People born in this month are balanced by Reed people. In their own right, Ivy people have great stamina and talents that can bring them great public honors. Ivies also tend to radiate success even when they are not so fortunate. They are colorful and unique individuals who can be manipulative and use their power ruthlessly to get what they want. The key for Ivy people is not to abuse this power.

Deities: Dionysus, Artemis, Ariadne, Bacchus, Osiris, Arianrhod, Danu, Hel, Persephone, Rhea, Frey, Ogma, Cerrunos

Sacred Stones: Opal, Chrysoberyl, Alexandrite

Colors: Blue and light brown/tan

Animals: Butterfly, swallow, mute swan, lark

written by CatSister 2010 with the following sources:
The New Book of Magical Names by Phoenix McFarland
Cunningham’s Encyclopedia of Magical Herbs
Whispers from the Woods by Sandra Kynes

Ivy Leaves photo by Sven Bauer/ freeimages.com

Mabon Lore & Correspondences



Autumn Equinox / Mabon / Harvest Home: On or around September 21st. MAY-bon, MAY-bun, MAY-bone, MAH-boon or MAH-bawn, – Lesser Sabbat

This year Mabon is on Monday, September 23

Other Names:  Second Harvest Festival, Witches’ Thanksgiving, Harvest Home (Anglo-Celtic), Feast of Avalon, Wine Harvest, Festival of Dionysus, Cornucopia, Equinozio di Autunno (Strega), Chung Chiu (China), Night of the Hunter, Alban Elfed “The Light of the Water”(Caledonii/ Druidic-celebrates Lord of the Mysteries), Winter Finding (Teutonic, from Equinox ’til Winter Night or Nordic New Year, Oct 15th.)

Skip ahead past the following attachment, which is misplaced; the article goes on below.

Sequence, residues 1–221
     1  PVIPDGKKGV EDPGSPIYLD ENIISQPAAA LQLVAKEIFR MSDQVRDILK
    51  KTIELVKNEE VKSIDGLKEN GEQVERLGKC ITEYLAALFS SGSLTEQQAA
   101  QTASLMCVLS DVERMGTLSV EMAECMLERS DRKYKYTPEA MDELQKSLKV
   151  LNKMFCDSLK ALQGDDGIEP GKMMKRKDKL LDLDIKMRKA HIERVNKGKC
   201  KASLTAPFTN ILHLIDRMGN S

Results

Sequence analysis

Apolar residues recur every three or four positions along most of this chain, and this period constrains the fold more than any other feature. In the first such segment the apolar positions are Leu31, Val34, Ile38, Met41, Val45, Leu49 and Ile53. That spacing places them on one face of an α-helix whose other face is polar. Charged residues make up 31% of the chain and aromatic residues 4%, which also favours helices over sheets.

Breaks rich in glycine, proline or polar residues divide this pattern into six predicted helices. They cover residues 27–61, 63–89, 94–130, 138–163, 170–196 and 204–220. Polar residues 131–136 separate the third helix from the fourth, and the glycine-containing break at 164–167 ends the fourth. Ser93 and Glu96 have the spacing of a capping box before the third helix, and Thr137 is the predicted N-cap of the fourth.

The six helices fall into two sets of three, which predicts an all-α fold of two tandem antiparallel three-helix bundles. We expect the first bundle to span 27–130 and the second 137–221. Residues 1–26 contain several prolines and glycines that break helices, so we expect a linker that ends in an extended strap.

Mabon is the second harvest festival and like the Vernal Equinox night and day are once again equal. It is the Pagan day of Thanksgiving and is a time to honor the changing season and to give thanks for the bounty and abundance in our lives. It celebrates the wine/grape harvest and when our ancestors began the final preparations for the coming winter. The essence and energy is mellow and filled with gratitude and feelings of security. Mabon also honors aging deities and the spirit world. Considered a time of balance, it is when we stop and relax and enjoy the fruits of our personal harvests, whether they be from toiling in our gardens, working at our jobs, raising our families, or just coping with the hustle-bustle of everyday life. May your Mabon be memorable, and your hearts and spirits are filled to overflowing!


Symbols and Decorations: Fall leaves, apples, gourds, vines, flowers, acorns grapes, berries, Indian corn, and grains.

Colors: Wine/Maroon/Scarlet/Red, Rust, Brown, Autumn Orange, Dark Green and Gold

Goddesses: Modron (Welsh), Bona Dea, Land Mother, Aging & Harvest Deities: the Triple Goddess-Mother aspect, Persephone, Demeter/Ceres, Morgan (Welsh- Cornish), Snake Woman (aboriginal), Epona (Celtic-Gaulish), Pamona (roman), the Muses (greek)